Balance Inte

INTEREST PRINCIPAL REMAINING INTEREST PRINCIPAL REMAINING TO-t : FOR 1-1 TO 7 : LPRINT " --------"» : NEXT I s LPRINT

End three units (1 + 2 = 3) of the total 78. or %s of the original finance charge. It's fairly easy to derive the numerator and denominator of the fraction for a one-year loan:

Because one of the terms (n or n + 1) is always even, you can divide it in your head. For a 12-month loan, n is 12 and n + 1 is 13: divide the 12 by 2 to get 6 and multiply 6 by 13. The result? Good old 78.

For a one-year loan with six months remaining, S equals 21 (6*7/2 = 3*7 = 21). so your rebate is a148 of your finance charge. You can find the payoff amount by subtracting the rebate and the payments-to-date from the total scheduled payments.

That's all you need to calculate Rule of 78s ratios for any term and for early payoff. For example, a 30-month loan has 30*31/2=15*31 =465 units. If you paid it off 17 months early, the rebate would be 17*18/2= 17*9= 153 units.

Enter the Computer

All of the above Is fine, but what you really need to know is the difference between paying a loan by simple interest and by the Rule of 78s. The Program Listing does that for you.

When you run Loan, it prompts you to choose printer or screen output or both. Next, you're prompted for the loan amount, term, and interest rate. Loan cal culates and prints a table showing monthly interest, principal, and balance remaining by simple interest and by the Rule of 78s.

The Figure shows a sample output for a loan of $10,000 financed over 36 months at 18 percent annual interest. As you can see, the payoff calculations for the two methods differ. The closer you are to the end of the loan term, the closer the Rule of 78s approximates the simple-interest formula. Notice that the bank is always ahead by this approximation. In this example. the overpayment by the Rule of 78s Is the most at the 13th month ($77.10).

The totals at the bottom of the Figure show that the total interest and principal are the same by either method if you pay the loan over the full term. The balance remaining is an error caused by rounding off to the nearest cent.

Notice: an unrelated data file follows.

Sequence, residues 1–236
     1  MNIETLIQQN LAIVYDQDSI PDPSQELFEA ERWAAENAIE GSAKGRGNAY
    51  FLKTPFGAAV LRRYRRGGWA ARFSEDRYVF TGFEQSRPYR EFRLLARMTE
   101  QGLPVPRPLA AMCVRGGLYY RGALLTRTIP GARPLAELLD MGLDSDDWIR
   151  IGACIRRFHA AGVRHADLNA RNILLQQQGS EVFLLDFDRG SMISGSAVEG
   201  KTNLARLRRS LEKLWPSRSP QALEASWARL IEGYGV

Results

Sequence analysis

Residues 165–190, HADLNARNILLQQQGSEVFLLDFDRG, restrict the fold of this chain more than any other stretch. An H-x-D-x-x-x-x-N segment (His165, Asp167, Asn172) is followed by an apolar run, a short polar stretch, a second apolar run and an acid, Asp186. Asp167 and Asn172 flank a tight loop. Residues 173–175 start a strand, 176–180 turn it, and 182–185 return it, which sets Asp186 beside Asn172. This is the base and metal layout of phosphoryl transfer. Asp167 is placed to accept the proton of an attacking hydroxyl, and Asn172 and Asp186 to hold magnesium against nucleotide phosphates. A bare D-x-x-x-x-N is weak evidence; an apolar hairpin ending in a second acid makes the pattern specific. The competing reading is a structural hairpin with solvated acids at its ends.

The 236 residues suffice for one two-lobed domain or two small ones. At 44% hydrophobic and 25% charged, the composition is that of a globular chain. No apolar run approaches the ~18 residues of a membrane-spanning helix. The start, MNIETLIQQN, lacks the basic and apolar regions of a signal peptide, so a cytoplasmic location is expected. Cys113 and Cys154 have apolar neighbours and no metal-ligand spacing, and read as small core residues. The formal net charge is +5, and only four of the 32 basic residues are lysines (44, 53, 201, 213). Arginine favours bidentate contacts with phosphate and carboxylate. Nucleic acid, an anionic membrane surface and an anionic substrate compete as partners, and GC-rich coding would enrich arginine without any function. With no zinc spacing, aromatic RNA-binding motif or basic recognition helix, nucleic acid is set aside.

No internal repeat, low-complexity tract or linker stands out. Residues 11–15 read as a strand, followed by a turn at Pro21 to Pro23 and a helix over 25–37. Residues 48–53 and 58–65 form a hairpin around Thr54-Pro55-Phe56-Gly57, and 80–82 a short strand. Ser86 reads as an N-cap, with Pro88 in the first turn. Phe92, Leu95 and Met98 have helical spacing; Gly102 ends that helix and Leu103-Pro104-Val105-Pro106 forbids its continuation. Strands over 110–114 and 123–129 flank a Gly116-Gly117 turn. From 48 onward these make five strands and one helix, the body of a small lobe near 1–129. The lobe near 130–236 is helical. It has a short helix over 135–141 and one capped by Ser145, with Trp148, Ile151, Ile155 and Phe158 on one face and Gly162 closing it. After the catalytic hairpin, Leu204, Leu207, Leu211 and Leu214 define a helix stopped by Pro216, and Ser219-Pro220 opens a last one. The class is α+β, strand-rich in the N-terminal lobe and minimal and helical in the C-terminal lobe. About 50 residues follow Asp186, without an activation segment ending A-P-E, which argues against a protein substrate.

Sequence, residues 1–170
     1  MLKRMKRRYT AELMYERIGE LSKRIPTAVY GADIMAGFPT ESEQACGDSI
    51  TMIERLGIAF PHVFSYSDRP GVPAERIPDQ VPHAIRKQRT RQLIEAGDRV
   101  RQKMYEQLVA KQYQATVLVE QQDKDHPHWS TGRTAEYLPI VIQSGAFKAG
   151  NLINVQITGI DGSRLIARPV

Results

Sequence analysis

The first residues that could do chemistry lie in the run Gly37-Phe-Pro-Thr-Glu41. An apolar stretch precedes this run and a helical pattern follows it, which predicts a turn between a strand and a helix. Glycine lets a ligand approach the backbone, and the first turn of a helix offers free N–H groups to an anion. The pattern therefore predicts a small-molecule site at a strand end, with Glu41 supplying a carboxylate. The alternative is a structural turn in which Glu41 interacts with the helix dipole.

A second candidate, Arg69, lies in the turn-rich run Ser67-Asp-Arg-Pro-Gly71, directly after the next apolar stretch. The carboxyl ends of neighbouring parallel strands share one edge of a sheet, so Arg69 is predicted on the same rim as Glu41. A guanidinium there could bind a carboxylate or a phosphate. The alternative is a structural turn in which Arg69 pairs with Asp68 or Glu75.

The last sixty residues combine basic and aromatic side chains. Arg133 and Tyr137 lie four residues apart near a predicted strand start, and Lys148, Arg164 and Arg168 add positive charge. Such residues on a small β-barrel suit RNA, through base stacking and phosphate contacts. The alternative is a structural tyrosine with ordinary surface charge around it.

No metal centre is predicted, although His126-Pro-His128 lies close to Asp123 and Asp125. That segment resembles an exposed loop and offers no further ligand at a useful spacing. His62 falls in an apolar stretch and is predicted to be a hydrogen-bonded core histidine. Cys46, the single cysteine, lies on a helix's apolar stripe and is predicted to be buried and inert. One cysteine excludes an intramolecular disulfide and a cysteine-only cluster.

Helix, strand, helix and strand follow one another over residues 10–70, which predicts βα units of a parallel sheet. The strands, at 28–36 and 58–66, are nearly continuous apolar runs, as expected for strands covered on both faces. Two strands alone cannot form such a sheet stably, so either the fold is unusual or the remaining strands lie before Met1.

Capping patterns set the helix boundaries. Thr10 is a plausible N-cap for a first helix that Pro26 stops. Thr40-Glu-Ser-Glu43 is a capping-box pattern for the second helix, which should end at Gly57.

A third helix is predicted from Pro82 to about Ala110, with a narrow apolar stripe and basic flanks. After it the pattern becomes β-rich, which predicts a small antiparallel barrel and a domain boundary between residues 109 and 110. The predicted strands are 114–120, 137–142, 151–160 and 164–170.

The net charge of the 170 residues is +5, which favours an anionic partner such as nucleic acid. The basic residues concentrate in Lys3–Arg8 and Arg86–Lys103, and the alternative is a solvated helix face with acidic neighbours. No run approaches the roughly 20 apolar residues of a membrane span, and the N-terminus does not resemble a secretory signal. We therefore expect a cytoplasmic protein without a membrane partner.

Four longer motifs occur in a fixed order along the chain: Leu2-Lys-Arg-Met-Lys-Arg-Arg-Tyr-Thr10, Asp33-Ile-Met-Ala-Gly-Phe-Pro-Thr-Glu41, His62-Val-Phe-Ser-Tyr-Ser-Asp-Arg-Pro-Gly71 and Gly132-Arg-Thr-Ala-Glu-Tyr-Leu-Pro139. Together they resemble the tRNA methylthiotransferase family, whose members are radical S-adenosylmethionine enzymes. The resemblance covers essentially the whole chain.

The program calculates the monthly payment by the simple-interest formula in line 240: the sum of monthly principal and interest by either method equals the monthly payment. The loop (lines 300-410) calculates and prints the interest and principal for each month as shown in the Figure. The formula defined In line 120 rounds off all payments to the nearest cent.

The interest according to the simple-in-terest formula (I) is the principal balance remaining (B) times the monthly interest rate (R). The interest according to the Rule of 78s (17) is the finance charge (F) times the units assigned to the month in question (T-N + 1) divided by the total number of units for the loan (U = T*(T + l)/2).

The finance charge is the total of payments minus the loan amount, as calculated in line 250.

A Closing Note

The Rule of 78s penalty is vastly outweighed by the financial advantage of paying off a loan early. However, the penalty isn't negligible. Calculating your loan payments by the Rule of 78s won't help you avoid that penalty, but at least you'll know where you really stand with the bank.l

David McAnaney. a senior project engineer with a Boston firm, designs wastewater collection and treatment systems for municipalities. He's been using computers since 1963for mathematical modeling, design, and word processing. You can write to him at 70 Court St.. Exeter. NH 03833.

Related Articles

Conhaim. R.L., "The Rule of 78s," June 1981, p. 296. A Model I program that calculates annual percentage rate.

Conhaim, R.L., "The Real Rule of 78s," July 1981, p. 289. A Model I program that calculates Interest savings for early payoff.

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